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By Jay Fox
Brooklyn, NY, USA

Jay Fox (credit: Ashley Sears)
Jay Fox

Cold enough for ya'? — Traditional Midwestern Greeting

I didn't wear a coat more than a handful of times during my first winter in New York City. It wasn't because of some masochistic tendency, but, rather, because it just never got that cold. I was used to the frigid Michigan winters—the snow, the ice, the air temperatures that could freeze hands, feet and even nose hairs. So, too, was I used to enjoying hot beverages, particularly coffee. However, I also had, and continue to have, a weakness for good cider. I am not referring to the types of cider that hang out in six packs between pilsners and lagers. I am referring to spiced apple cider, preferably with a generous pour of booze.

While spiced apple cider is usually considered a beverage for the fall, New York bars have extended this tradition for as long as there's snow on the ground or, this year, the threat of a polar vortex descending into unfamiliar latitudes. The cider comes, typically, with a choice of either bourbon or rye. I prefer bourbon. More importantly, I prefer the cider offered at Quarter (676 5th Avenue), a narrow, tenebrous bar that caters mostly to transplants from around the nation who don't work in finance, as well as to those who have come from the Laundromat next door to kill some time before moving all of their clothes from the washer to the dryer.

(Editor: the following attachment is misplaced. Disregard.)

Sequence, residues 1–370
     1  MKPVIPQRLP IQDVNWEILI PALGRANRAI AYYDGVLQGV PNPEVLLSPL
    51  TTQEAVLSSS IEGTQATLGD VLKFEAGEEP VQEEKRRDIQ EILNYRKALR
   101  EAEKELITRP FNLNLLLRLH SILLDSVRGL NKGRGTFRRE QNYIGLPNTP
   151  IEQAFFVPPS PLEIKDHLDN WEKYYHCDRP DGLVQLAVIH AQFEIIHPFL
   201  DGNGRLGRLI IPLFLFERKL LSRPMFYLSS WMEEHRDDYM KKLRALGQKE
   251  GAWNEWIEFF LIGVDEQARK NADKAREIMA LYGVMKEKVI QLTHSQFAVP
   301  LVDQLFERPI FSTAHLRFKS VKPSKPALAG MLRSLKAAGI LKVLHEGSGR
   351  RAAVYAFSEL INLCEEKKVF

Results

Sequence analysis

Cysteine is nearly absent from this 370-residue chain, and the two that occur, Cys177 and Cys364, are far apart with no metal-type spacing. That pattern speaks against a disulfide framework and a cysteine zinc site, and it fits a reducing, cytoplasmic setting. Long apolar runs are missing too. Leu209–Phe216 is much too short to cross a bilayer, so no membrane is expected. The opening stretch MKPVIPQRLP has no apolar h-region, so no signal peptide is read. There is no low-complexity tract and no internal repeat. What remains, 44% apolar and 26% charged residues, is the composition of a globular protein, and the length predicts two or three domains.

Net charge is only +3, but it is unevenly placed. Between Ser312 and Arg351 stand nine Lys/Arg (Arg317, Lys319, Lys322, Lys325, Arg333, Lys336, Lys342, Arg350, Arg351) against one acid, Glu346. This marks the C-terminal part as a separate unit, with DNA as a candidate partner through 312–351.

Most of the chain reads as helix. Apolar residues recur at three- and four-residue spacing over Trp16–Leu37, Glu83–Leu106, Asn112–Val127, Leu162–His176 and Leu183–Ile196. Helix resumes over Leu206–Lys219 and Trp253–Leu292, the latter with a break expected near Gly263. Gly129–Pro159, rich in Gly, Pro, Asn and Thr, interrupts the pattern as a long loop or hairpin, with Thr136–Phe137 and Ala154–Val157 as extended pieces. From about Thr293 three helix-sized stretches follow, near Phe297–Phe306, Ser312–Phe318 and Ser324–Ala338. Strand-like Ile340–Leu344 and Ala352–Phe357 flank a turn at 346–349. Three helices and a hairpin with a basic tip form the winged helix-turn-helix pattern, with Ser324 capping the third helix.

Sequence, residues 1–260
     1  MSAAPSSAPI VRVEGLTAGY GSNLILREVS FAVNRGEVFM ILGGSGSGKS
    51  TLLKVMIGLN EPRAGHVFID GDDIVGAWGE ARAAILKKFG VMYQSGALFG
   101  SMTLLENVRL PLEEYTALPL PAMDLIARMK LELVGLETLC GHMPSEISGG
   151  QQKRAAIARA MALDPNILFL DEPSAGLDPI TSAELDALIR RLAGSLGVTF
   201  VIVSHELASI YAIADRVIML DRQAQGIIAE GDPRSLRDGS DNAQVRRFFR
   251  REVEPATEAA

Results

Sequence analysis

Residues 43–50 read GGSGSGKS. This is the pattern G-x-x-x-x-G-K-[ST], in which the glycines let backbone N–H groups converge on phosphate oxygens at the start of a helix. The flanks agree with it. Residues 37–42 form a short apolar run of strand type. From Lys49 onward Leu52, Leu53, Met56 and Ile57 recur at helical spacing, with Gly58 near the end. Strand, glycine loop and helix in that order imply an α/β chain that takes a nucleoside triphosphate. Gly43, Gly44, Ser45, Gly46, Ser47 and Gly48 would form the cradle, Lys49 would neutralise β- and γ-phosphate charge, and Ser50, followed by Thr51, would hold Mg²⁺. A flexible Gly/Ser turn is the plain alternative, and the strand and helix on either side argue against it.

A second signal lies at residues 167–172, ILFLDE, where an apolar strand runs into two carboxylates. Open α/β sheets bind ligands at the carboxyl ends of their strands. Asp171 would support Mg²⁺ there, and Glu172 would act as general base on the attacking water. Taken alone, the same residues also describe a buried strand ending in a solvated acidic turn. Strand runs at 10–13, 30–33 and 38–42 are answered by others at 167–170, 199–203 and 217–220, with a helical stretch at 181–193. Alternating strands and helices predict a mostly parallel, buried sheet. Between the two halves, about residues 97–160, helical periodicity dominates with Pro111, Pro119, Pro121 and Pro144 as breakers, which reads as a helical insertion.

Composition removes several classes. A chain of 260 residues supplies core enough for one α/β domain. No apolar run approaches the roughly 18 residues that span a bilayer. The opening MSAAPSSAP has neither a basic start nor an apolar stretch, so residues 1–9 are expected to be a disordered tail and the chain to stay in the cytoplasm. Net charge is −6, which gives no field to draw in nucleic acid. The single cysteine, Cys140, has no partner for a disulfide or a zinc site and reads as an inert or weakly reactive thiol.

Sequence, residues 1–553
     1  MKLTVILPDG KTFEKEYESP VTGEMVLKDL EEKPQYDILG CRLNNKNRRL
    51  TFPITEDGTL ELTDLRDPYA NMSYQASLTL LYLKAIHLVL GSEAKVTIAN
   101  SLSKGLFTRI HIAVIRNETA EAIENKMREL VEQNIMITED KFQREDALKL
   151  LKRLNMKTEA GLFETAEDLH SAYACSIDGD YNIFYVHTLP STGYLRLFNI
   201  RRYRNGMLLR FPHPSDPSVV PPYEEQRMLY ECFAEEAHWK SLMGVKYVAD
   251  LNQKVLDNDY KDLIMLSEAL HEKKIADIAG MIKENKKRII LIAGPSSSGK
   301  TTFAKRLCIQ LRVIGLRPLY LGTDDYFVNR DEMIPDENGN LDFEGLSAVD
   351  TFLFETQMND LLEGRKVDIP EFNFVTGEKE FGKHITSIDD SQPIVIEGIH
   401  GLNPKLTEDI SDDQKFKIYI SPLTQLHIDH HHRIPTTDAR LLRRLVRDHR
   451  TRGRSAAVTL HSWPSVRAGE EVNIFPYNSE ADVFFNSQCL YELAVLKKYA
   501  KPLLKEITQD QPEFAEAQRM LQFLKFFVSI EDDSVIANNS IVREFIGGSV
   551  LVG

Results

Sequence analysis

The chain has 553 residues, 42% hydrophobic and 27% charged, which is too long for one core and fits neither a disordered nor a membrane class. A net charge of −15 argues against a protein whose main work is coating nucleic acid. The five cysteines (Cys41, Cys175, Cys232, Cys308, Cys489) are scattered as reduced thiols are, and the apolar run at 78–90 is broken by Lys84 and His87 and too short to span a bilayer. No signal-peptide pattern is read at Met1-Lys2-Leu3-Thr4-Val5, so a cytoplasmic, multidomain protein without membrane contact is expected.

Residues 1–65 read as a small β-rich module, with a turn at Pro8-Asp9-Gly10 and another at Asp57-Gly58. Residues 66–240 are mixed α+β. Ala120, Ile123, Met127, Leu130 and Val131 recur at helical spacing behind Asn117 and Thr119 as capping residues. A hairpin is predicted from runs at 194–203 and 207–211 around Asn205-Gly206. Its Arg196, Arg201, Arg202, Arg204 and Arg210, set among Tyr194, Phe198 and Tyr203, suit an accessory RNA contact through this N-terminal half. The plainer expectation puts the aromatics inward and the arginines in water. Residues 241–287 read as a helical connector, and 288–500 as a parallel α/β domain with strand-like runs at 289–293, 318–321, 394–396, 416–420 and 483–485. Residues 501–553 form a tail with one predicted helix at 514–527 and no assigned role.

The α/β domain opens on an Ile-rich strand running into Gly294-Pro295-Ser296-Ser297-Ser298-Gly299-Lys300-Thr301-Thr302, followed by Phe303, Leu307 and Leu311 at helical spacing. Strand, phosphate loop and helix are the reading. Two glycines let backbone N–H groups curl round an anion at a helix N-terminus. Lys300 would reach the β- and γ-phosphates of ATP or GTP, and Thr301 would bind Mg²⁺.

However, it's not just the taste and the smell of the cider that I enjoy; it's also the feeling of comfort it provides. I would not say that it serves as a personal madeleine, as the only childhood association I really have with it concerns a cider mill back in suburban Detroit, but it does make me feel at home. And though Quarter may not be my idyll, I have thought of it as one of the most comforting bars in all of Brooklyn. This requires a bit of explanation.

About five years ago a friend of mine named Aankit was laid off. I don't remember what industry he was working in, but it was not the line of work that one wants to stay in forever, nor was his position something that one wants engraved on their headstone. It was something far less evil than vulture capitalism, but not something as worthwhile as, say, rescuing orphans from a life of poverty.

Quarter (South Slope, Brooklyn)

We ran into each other at a party at a friend's apartment not long after he got canned, and he overheard me telling a story about two of my friends from Michigan who had recently moved to Ghana to build orphanages. One of them, Mike, had even purchased a monkey, and was worried about said monkey, as some of the people in the village had started harassing him (the monkey), as well as his dog, Carl, by heaving stones in their general directions. Aankit was intrigued. I thought he was intrigued about the harassing of the monkey and Carl, but, no, he was interested in how these friends of mine had gotten into the orphanage building business, if they needed any help and if I could get him their contact information. He wanted to do something to help the less fortunate.